XAAL Documentation - Graphical Primitives
Graphical primitives are basic graphical components that can be composed to represent arbitrarily complex objects (e.g., a tree data structure). The graphical primitives are as specified by the ITiCSE XML WG, where the following have been defined:
- point, polyline, line, polygon;
- arc, ellipse, circle and circle-segment;
- square, triangle, rectangle;
Some of these objects are extensions of other objects. For example, a line is a special instance of a polyline. For ease of use, we have included these ``special case'' objects.
All graphical primitives have some shared attributes: id, hidden, opacity, and style. Every primitive can have an id used for identification. Primitives can be either hidden or visible through use of the attribute hidden, which, by default, is false. Primitives can also be partially opaque (i.e. transparent). In addition, every graphical primitive can contain an element specifying the style. Primitives can also reference pre-defined styles through the style attribute. For examples of styles, see styling.
Two representative graphical primitives are described below by way of examples of their formulations in XML. A complete specifications can be found at the schemas section. The first example below defines a polyline consisting of five nodes.
<polyline id="poly" style="style1"> <coordinate x="10" y="10"/> <coordinate><offset x="10" y="10"/></coordinate> <coordinate><offset x="-10" y="10"/></coordinate> <coordinate><offset x="20" y="0"/></coordinate> <coordinate><offset x="0" y="-20"/></coordinate> <closed value="true"/> <style> <color name="lime"/> <fill-color name="black"/> <stroke width="4"/> </style> </polyline>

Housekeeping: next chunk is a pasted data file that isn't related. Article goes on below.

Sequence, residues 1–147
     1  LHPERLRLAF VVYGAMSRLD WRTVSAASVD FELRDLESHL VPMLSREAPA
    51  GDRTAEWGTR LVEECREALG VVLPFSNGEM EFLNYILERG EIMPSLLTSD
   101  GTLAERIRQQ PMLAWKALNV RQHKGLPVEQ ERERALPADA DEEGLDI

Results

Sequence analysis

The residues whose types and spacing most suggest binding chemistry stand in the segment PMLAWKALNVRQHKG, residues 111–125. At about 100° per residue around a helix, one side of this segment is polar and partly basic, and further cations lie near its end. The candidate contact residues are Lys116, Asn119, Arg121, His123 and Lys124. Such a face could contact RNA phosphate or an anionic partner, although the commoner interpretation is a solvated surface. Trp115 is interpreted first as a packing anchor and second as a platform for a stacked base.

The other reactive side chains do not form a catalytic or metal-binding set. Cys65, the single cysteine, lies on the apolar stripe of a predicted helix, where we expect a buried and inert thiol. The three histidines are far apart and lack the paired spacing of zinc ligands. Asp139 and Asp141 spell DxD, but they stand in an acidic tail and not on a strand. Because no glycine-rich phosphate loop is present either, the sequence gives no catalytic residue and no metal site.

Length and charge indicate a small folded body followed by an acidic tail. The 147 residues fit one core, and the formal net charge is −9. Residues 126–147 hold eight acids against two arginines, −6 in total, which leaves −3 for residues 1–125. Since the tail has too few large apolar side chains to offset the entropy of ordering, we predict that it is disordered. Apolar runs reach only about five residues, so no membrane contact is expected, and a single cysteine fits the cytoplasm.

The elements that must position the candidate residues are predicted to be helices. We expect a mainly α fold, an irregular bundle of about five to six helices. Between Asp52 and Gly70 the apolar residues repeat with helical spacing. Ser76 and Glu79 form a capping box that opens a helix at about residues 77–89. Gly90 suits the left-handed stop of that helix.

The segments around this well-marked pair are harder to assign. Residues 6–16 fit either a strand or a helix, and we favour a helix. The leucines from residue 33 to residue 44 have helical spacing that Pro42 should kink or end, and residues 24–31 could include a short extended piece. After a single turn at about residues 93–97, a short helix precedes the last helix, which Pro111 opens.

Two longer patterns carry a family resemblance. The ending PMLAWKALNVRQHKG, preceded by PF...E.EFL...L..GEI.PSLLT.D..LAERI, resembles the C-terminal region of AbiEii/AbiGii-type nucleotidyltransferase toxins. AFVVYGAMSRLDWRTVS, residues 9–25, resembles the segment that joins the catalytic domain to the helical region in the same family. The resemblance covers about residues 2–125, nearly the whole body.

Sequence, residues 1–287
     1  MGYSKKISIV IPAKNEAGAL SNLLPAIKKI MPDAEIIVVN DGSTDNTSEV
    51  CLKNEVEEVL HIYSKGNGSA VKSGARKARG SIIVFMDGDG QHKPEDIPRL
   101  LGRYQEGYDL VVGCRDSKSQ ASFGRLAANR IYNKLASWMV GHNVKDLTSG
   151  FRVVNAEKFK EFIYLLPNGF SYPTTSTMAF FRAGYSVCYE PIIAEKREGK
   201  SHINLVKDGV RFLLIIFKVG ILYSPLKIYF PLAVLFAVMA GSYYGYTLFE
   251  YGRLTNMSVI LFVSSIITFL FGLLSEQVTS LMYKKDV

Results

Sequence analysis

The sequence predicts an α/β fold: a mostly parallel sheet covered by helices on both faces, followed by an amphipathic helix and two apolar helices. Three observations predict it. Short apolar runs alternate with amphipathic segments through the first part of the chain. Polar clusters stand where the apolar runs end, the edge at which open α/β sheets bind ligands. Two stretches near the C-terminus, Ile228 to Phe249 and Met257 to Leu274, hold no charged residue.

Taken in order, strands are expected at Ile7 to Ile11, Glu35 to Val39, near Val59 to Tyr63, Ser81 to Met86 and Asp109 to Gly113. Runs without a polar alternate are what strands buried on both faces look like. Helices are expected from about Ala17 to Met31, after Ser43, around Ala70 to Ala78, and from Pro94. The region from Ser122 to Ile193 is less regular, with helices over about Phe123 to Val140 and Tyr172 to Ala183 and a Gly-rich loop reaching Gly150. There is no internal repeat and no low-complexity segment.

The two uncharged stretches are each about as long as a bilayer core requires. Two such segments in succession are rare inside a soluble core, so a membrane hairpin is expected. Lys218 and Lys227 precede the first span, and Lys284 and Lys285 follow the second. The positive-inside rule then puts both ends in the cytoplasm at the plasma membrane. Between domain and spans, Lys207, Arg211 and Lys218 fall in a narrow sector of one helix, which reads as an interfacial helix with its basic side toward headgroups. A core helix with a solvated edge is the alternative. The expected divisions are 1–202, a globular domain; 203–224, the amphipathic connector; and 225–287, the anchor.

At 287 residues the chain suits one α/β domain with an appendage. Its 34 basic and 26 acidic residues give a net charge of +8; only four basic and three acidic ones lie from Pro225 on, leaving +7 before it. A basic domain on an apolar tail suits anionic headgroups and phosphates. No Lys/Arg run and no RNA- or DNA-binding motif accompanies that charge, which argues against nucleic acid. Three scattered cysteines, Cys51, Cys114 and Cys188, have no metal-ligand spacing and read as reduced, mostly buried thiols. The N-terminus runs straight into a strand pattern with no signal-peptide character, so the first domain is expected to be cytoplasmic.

The second example describes a text object. It is of particular interest in that it includes support for localization (text in multiple languages can be included). This is achieved by using multiple contents elements that each specify the language used.
<text opacity="0.5"> <coordinate x="30" y="50"/> <alignment value="left"/> <boxed value="true"/> <contents lang="en">Text of the object</contents> <contents lang="fi">Objektin teksti</contents> <contents lang="de">Der Text des Objekts</contents> </text>
To help the usage of more complex primitives, the language has support for defining reusable shapes. For example, to specify the shape cat that consists of circle segments, lines, and an arc, the following XML code fragment can be used.
<define-shape name="cat"> <circle-segment> <center x="10" y="5"/> <radius length="4"/> <angle total="310" start="295"/> </circle-segment> <circle-segment> <center x="10" y="15"></center> <radius length="7"/> <angle total="255" start="105"/> </circle-segment> ... <!-- specification of ears as lines and tail as arc --> </define-shape>
The next example shows how to use this shape. The location of the shape is calculated as offsets from the given coordinate using the given scale. As can be seen, the usage of the shape is short compared to the specification of the shape. Thus, a lot of effort can be saved by specifying a cat shape and then using it, when one needs to include a herd of cats in an animation.
<shape uses="cat"> <coordinate x="30" y="50"/> <shape-scale value="0.5"/> </shape>